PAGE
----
Here are three things I’m trying to *ramp* up in my physics class this fall. By ramp up, I mean, they are all things I’m already doing, but I am trying to make them more coherent and threaded throughout the entire course.
Invention or exploration activities before every assigned reading
Norm for My Institution: Our physics class has a “traditional” flipped model thing going on. Students are expected to read before coming to class, then they come to class for some combination of conceptual questions ,group problem-solving, demonstrations, and labs.
What I’ve been Doing: I’ve been doing some re-flipping of this to a limited extent throughout the semester. For example, the day before the reading on acceleration, I have students engaged in the Invention Tasks designed by Andrew Boudreaux, Steve Kanim, and Suzanne Brahmia. Or, the week before students read anything about forces, we are doing explorations with hover pucks and bowling balls.
Plans for this Semester: This semester I am committing to having a “preparation for future learning” activity before every assigned reading. I plan on using a combination of invention tasks, PhET simulations, hands-on explorations,
Online questions that support deeper-processesing of reading
Norm at My Institution: Our physics courses uses graded MC quizzes to incentivize reading.
What I’ve been doing: I use online reading questions (for formative assessment), which are “graded” on effort only. The other thing I do is discuss reading and learning explicitly in class. For example, I have started the 2nd day of class with students watching and discussing this video on shallow vs. deep processing. It’s a kind of a cheesy video, but if when I stop at the right points and ask the right questions, we get really interesting, engaging, and authentic discussions going on around learning.
Plan for this Fall: I wrote about this in this previous post, but the gist is that I’m going to ask online questions that support students in going back to interrogate the text. I also plan on not just “starting the semester” with some discussion about reading, I plan on spend more time in class actually reading, in order to continue to discuss, practice, and foster reading comprehension strategies.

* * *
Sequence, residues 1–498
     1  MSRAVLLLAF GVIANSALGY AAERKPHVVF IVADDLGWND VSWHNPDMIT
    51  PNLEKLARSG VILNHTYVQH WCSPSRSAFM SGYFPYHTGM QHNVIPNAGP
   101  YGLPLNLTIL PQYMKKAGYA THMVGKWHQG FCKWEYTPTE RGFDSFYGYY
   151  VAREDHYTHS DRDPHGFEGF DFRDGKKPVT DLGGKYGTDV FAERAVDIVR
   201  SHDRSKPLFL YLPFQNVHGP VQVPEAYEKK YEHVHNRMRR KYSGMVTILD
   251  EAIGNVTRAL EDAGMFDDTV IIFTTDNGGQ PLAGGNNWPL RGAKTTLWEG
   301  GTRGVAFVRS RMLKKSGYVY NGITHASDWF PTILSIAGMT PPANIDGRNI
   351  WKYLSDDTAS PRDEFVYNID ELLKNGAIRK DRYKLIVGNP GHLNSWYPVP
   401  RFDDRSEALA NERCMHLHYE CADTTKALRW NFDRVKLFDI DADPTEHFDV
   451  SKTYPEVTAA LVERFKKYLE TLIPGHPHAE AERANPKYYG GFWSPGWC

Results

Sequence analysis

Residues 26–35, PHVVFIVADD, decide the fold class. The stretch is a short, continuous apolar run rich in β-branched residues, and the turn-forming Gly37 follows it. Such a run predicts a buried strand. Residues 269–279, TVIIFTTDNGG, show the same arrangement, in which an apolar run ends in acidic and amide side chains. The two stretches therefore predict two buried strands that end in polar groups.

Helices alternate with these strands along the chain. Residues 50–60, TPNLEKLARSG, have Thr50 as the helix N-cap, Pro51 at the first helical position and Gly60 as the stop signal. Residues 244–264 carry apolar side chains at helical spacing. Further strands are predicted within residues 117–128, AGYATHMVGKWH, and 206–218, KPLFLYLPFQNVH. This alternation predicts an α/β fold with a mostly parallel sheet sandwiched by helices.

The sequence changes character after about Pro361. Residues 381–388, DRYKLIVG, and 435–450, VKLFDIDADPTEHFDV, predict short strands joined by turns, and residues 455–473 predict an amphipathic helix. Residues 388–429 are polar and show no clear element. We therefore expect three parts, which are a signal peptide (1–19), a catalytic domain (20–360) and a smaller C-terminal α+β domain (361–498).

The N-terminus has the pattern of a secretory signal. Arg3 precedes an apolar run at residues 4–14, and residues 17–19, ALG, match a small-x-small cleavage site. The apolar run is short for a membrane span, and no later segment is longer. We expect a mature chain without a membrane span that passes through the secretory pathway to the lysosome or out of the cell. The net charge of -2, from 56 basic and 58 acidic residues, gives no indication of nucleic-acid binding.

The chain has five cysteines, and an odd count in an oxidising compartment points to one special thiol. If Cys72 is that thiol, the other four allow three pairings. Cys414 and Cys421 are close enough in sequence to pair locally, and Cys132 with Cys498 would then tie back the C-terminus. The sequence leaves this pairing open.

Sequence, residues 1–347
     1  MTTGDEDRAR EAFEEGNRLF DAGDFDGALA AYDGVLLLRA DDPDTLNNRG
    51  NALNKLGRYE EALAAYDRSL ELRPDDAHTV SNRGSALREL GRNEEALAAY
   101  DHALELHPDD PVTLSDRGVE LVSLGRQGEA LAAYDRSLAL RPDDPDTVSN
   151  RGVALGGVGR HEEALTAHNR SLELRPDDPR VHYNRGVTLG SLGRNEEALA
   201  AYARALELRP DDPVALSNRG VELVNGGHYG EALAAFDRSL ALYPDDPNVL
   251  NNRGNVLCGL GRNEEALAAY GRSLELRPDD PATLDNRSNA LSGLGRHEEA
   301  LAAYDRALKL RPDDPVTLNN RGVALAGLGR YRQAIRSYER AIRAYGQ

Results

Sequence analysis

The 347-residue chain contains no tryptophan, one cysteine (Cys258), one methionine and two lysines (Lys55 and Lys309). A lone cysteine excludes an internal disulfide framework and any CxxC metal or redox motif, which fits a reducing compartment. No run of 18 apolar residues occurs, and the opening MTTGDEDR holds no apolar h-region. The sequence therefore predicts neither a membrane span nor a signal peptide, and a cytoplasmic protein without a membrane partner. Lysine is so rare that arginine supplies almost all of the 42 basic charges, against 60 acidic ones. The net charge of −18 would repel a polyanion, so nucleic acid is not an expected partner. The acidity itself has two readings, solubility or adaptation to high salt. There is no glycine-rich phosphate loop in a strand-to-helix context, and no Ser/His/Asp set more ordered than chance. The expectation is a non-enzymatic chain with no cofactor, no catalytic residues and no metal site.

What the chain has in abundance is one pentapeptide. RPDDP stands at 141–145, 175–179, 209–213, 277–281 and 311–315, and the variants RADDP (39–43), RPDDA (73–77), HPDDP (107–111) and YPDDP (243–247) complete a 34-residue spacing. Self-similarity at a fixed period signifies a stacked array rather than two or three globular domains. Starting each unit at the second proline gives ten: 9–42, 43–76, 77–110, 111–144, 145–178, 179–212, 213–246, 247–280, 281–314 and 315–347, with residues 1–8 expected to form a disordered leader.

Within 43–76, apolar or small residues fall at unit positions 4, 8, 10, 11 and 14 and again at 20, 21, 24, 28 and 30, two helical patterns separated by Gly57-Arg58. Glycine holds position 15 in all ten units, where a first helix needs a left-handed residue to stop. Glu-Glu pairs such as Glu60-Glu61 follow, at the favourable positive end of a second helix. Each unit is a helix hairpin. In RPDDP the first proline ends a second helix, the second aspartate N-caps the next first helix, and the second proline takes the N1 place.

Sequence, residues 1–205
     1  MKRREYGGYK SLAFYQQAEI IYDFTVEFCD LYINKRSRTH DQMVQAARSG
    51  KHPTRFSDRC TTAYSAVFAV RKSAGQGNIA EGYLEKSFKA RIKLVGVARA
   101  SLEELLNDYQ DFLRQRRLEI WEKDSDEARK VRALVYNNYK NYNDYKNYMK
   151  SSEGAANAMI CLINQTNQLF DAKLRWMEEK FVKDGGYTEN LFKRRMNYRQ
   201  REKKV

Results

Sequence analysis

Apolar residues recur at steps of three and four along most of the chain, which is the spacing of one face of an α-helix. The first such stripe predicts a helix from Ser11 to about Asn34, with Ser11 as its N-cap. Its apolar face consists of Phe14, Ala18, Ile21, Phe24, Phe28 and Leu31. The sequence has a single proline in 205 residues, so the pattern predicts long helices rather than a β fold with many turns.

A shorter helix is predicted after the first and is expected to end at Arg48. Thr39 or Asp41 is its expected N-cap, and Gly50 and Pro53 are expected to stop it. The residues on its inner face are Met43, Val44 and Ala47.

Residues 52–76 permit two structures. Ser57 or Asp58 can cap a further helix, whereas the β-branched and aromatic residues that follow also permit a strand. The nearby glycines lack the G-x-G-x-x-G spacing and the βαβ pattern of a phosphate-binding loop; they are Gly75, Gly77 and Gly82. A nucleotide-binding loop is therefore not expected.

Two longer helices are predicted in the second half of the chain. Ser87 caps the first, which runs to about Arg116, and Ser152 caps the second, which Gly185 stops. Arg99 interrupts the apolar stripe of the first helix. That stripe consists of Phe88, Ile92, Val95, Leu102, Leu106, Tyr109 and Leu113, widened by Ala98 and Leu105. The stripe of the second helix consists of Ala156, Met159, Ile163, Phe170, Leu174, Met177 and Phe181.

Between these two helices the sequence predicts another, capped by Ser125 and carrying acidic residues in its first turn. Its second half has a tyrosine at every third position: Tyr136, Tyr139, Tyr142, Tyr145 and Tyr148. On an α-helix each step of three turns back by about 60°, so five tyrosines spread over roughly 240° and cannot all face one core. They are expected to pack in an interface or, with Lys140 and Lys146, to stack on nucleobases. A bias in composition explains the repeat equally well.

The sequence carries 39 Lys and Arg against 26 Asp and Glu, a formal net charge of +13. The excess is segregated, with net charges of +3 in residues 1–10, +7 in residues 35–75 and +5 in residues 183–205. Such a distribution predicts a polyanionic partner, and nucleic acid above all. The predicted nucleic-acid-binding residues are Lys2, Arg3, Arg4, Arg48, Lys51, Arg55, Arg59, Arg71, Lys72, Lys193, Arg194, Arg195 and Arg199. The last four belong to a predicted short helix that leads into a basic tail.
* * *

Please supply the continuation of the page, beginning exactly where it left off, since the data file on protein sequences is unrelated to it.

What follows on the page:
Competency-oriented and formative-assessment-driven quizzes
Norm at My Institution: We grade students on tasks like labs, quizzes, tests, and projects, and give them points for participating through clicker questions.
What I’ve been doing: All my quizzes have been standards-based, with many opportunities for reassessment. To a lesser extent, I dabbled in the summer with standards-based lab skills, wherein successful completion of the lab and lab write up was merely a “ticket” to get a new data set which you had to analyze all on your own. The benefit here was that it changed the game of lab from “getting it down in your lab notebook” to “I better make sure I understand how to do this”.
Plan for the Fall: I also discussed this recently here, but I’m going to be paring down the number of standards (by bundling) to emphasize synthesis over isolated skills. I am also working to make the problems my students practice better aligned with the high stakes exams that will be administered. For labs, I’m trying to develop a rubric I can use in a SBG-way, and plan on assigning grades at the end based on average of Best 3 plus Last 3.
Right now, my lab rubric is looking something like this:
I carefully choose, depict, and consistently use variables relevant to the purpose of the lab
- Unambiguous sketch of the experimental setup in which variables are clearly defined
- Variables are used consistently and clearly in data tables, graphs, and algebra
I relate graphical, verbal, and algebraic representations of the model being tested
- Trend lines depicted in graphs are consistent with model being used (or noted for its inconsistency)
- Appropriate verbal descriptions of the model are given
- Shown how the case-specific algebraic model relates to the general model
I make evidenced-based argument to support or reject the use of a model
- A claim is made about whether to reject or support the model
- Specific trends in the data are used to support claim
- Reasoning is provided to explain why trends mentioned are relevant
I carryout error analysis to determine bounds on numerical result
- Estimated uncertainties are provided and seem reasonable
- The “weakest link” is correctly identified using fractional uncertainty
- The uncertainty of final result is correctly determined
- Final result is reported with correct units and sig figs.
My work is represented with due care
- Data tables are neat and legible
- Graphs are labeled and legible with trend lines made with straight edge
- Error analysis work is easy to follow
- Complete sentences that are legible are used when appropriate.